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Lifting for Lymphoma

Written on January 8, 2008 at 7:14 pm, by Eric Cressey

Before we get going with this week’s newsletter, I want to extend my thanks to everyone who made it out for the seminar at Mike Boyle’s facility last weekend.  I know I can speak for John Pallof, Brijesh Patel, and Mike when I say that we appreciate the large and enthusiastic crowd.

Lifting for Lymphoma

For those of you who haven’t heard already, my good friend Alwyn Cosgrove has compiled an incredible resource for a tremendous cause.  Over the past few months, Alwyn has pulled together 57 of the brightest minds in the industry to each write a section for this manual, which will be released March 1st.  All of the proceeds will go to the Leukemia and Lymphoma society.

I exchanged emails with Alwyn yesterday, and he informed me that this project has surpassed 700 pages of material.  Considering it’s priced at $30 and will benefit a tremendous cause, I would hope that nobody on this newsletter list would even hesitate to pick up a copy.  I, for one, was honored to be included, and thrilled to be able to write for charity.  As Dave Tate wrote last week, “The material is worth 100 times the price, but is not where the REAL value is.”

Start saving a dollar a day for the next few weeks, and you’ll be in a good position to help a great cause.

EricCressey.com Exclusive Q&A

Q: I am an undergraduate student and was hoping for your input on one thing. I am fond of corrective training, training to prevent injury, mobility/activation training, body weight workouts, using bands/power metrics and would love to focus more so on these types of training than anything else. I really want to specialize in training people with the least amount of weights as possible, nothing against weight training, but I want to be the guy that people go to prior to commencing a weight training program/lifestyle to make sure that they are as strong as they can be/as prepared as possible prior to ever picking up any weights.  My passion is really centered on training kids (middle school/high school) and is why all this injury preventive/corrective training appeals to me so much. I highly enjoy reading your articles on injury prevention/mobility and feel that any recommendations that you could provide as to what my educational focus should be most on would be invaluable.  I am currently considering exercise biomechanics/physiology to be the two main areas that I should be focusing on. Is there a field that would better accommodate my aspirations in sports training? Or is exercise biomechanics and physiology what I need to be focusing on?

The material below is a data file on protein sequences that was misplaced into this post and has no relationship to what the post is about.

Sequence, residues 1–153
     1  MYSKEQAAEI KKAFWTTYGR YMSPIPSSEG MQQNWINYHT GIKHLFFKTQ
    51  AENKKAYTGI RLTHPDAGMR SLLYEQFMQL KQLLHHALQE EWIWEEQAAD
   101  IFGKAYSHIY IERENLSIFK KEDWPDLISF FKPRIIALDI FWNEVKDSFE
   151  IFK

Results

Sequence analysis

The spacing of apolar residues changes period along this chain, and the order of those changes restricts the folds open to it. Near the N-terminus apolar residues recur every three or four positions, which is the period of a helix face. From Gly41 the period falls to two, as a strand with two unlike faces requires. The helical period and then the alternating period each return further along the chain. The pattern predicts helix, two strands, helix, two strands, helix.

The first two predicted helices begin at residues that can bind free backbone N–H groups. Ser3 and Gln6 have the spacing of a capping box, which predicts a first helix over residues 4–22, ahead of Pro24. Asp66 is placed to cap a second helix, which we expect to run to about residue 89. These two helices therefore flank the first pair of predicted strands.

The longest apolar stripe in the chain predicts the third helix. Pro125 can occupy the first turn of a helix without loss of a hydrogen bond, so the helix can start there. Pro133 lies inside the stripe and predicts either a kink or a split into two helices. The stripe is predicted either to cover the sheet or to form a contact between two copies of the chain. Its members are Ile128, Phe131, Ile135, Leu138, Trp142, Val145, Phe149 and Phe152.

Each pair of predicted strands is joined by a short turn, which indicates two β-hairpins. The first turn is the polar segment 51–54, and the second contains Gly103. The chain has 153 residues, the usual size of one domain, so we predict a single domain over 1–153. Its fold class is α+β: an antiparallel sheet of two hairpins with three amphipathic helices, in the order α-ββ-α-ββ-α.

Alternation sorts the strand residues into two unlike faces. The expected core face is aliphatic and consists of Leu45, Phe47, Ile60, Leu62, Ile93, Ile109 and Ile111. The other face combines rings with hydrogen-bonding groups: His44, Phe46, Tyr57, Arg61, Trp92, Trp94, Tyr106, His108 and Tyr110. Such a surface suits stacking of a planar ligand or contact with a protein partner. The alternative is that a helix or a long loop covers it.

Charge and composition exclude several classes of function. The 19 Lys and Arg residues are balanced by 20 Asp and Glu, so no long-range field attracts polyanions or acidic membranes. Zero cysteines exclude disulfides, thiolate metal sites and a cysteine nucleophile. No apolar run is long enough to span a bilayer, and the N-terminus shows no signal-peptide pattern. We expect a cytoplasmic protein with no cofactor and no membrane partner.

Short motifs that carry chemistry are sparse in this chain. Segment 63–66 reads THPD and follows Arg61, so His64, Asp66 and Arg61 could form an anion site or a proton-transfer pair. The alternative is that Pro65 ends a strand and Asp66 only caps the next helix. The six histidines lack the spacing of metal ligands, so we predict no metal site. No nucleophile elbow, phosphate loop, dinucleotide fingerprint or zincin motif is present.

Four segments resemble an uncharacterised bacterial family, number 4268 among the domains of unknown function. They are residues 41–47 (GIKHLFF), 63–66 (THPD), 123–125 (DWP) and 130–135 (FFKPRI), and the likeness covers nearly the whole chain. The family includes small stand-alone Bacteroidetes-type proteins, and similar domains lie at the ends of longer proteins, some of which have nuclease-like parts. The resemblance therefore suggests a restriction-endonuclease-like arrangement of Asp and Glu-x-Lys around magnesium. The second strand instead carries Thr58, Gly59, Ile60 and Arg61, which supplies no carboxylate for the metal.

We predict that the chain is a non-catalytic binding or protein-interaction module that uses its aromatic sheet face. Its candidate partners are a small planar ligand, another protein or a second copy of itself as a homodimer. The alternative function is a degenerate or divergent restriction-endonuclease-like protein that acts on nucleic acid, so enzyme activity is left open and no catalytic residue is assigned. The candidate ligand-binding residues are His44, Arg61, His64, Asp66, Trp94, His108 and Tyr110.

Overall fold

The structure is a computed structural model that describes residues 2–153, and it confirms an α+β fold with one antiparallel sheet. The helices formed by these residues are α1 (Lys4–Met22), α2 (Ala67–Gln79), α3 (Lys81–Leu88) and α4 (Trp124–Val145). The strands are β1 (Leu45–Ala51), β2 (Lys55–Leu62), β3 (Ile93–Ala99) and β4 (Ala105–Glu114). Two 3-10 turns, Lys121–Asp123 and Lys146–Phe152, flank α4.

A: Thanks for your email.  While your enthusiasm is certainly admirable, your logic is flawed.

Think of modern physical therapy; the exercise component is largely based on resistance training with some sort of external load.  While there is a lot to be gained from training with body weight only and doing so properly, you have to load people (especially if you consider the bone density benefits of structural exercises).

So, in a nutshell, you have to resistance train to prepare to resistance train!

And, in an athletic population, realize that you’re going to have to train people with both open- and closed-chain movements for optimal functional carryover.  Body weight only stuff is only useful for the latter – and most of those require significant external loading sooner than later.

I think you’re in the right line of thought with your education, but remember that it’s experiences and interactions with others that will facilitate success more than regular ol’ book smarts.

Q: I saw you write somewhere recently that subscapularis dysfunction was generally associated with posterior capsule tightness?  Is there a causal relationship?

A: The subscapularis, infraspinatus, and teres minor work together to depress the humeral head during dynamic shoulder activities.

The subscapularis posteriorly pulls the humeral head in the joint (counteracts pectoralis major), while the other two anteriorly pull it (counteract posterior deltoid).

So, they’re antagonists and synergists at the same time.

If subscapularis shuts down, infraspinatus and teres minor fire overtime as depressors – but you don’t get subscapularis’ posterior humeral head pull.  Tightness kicks in with the posterior capsule, and you can also get anterior humeral glide issues.  This is a big no-no in overhead throwing, as they’ll look to the elbow to get range of motion – and that’s when you start to see ulnar collateral ligament ruptures, ulnar nerve compression, etc.

Q: For the sake of the sport of rowing, what’s your take on off-season training?  I own your Ultimate Off-Season Training Manual, and though I agree with cutting back on metabolic work during the off season for most sports, I’m wondering if it’d be different for rowing, since it’s still quite demanding metabolically (more so than most sports in the black hole), and in my opinion, too much to just let go.

That said, my guess is that we shouldn’t stop metabolic conditioning, just scale it back a whole lot, properly planning the harder interval or high tempo work on the same days as hard training, to keep whole days of recovery.  What’s your take?

A: I would do more short sprints (interval work) and anaerobic threshold work in the 20-25 minute range (at most) above race pace.  Only do longer slow stuff below 70% of max heart rate, and only every 7-10 days (view it more as recovery work that maintains aerobic adaptations).  Build strength, power, and anaerobic threshold, and add volume as the late off-season approaches.

It’s also a good idea to cross-train a bit.  Get them off the rowers/out of the boat and do some other modalities.

Until next week, train hard and have fun!

All the Best,


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